Holston Hills Country Club golf shop manager Tom “Tee-time” Seymour recounts a memorable Masters
"One of my Bucket List items was to be at a Sunday round in Augusta. I didn’t know I was going until the Tuesday before the Masters — tickets fell into my hands. Our head golf pro, Chris Dibble, encouraged me and assistant golf pro Jordan Fairbank to go. We stayed about two hours away the night before and drove in on Sunday morning. I didn’t sleep at all the night before, not a wink. I was so excited. I’m 55 years old and I’ve played golf since I was five. It’s always been my passion. I grew up watching Jack Nicklaus and Lee Trevino and Arnold Palmer at Augusta.
On Sunday, we had been following the crowds all day; but right as Jason Day teed off, I decided to go over to hole 16. I got there five minutes before Shane Lowry knocked his hole-in-one in. He hit it exactly where you need to hit it on Sunday in Augusta. At the time, there were probably only 300-400 people around the hole. It wasn’t super crowded. Of course, by the time Louis Oosthuizen came later, people were going insane.
But first Davis Love came up. When he hit his hole-in-one, he hit it behind the hole. Everybody thought it was going to be 10-15 feet away, but the ball stopped for a second and made a U-turn by the water. Nothing can compare to Louis Oosthuizen hitting his ball off of J.B. Holmes. I almost missed the hole- in-one because after Oosthuizen hit Holmes, I looked over at Jordan to get his reaction. He screamed at me to look back at Oosthuizen and I saw the last six inches of the ball go into the hole. The crowd was going absolutely crazy.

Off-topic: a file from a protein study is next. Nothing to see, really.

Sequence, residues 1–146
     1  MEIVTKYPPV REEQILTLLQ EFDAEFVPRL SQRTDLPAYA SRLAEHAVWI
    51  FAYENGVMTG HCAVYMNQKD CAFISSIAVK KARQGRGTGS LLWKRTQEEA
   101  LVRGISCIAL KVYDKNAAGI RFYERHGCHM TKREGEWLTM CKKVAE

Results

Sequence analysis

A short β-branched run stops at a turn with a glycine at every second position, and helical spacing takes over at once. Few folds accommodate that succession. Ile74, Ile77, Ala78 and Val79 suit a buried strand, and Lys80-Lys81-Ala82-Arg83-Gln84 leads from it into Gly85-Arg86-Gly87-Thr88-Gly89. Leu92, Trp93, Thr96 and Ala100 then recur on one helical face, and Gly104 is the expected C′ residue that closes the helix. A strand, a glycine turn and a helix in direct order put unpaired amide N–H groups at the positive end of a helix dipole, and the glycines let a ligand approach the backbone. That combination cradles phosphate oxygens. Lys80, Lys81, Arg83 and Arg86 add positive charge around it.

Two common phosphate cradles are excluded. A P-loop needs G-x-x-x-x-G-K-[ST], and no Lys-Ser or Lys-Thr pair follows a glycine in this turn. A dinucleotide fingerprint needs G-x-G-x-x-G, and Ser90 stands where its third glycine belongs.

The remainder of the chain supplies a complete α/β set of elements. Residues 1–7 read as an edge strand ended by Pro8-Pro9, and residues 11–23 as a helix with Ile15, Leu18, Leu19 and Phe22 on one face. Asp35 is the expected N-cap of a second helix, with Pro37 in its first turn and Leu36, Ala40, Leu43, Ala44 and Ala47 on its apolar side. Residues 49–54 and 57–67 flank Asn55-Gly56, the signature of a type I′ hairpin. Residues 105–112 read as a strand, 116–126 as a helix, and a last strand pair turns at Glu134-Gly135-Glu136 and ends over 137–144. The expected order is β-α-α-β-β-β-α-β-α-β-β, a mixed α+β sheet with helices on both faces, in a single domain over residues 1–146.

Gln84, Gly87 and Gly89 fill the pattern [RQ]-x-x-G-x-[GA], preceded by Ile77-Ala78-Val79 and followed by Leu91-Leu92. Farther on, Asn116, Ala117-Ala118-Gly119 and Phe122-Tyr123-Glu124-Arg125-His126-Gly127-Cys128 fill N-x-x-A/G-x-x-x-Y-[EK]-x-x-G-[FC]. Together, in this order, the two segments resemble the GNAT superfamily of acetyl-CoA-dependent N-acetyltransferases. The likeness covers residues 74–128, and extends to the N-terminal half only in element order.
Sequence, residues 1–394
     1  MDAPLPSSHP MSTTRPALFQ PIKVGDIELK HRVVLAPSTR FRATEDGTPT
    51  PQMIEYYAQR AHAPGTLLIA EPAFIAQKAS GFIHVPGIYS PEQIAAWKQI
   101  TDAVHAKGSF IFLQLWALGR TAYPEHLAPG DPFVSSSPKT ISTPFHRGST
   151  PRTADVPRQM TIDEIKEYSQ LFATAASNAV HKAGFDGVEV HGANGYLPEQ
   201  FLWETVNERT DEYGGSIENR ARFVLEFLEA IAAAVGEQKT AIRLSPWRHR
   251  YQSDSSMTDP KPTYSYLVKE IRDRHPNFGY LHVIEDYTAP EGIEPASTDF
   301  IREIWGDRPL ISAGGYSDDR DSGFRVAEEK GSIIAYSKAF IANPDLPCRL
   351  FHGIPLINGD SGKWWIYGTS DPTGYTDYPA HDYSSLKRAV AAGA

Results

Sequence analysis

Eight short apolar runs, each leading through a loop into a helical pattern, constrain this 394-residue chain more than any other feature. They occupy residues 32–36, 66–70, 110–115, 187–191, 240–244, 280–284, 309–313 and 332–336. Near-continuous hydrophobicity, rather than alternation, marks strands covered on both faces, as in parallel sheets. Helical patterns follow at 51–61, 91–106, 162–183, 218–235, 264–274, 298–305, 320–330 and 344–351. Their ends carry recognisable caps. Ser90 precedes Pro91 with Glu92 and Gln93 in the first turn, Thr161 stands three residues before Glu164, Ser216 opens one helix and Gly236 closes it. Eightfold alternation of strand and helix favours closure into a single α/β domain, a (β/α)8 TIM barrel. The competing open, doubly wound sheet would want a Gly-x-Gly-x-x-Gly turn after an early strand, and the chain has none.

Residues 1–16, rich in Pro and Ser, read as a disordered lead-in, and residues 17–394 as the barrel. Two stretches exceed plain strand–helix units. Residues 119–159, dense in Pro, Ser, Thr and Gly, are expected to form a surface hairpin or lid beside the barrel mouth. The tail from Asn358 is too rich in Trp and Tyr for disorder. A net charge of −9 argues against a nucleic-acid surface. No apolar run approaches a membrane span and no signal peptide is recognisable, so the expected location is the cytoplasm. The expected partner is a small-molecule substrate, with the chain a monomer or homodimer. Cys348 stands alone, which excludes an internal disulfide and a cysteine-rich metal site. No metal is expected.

All I wanted was to hear that roar of a crowd on a Sunday at the Masters, and I got to hear it three times. It was incredible. What are the odds on this? They’ve got to be in the billions and trillions that there are three hole-in-ones, on the same hole, and I get to see them all because I’m at the Masters on a Sunday. It was almost a religious experience.
The next day at work in Knoxville, it was all Jordan and I could talk about. I’ve probably told the story to every member at the club. I’ve been there 17 years now, and the people at Holston Hills have become my family: It felt like coming home to tell all my brothers and sisters what had happened.
The only thing that would be better than this is if I actually get to play the course one day, which I know is never going to happen. Although, I never thought I’d get to be at a Sunday round, either — never say never in golf. But I don’t think it’s going to happen. I will definitely try to get down to Augusta again. If I don’t, it’s all good. I just wanted to be there one time for that final round. It was amazing.”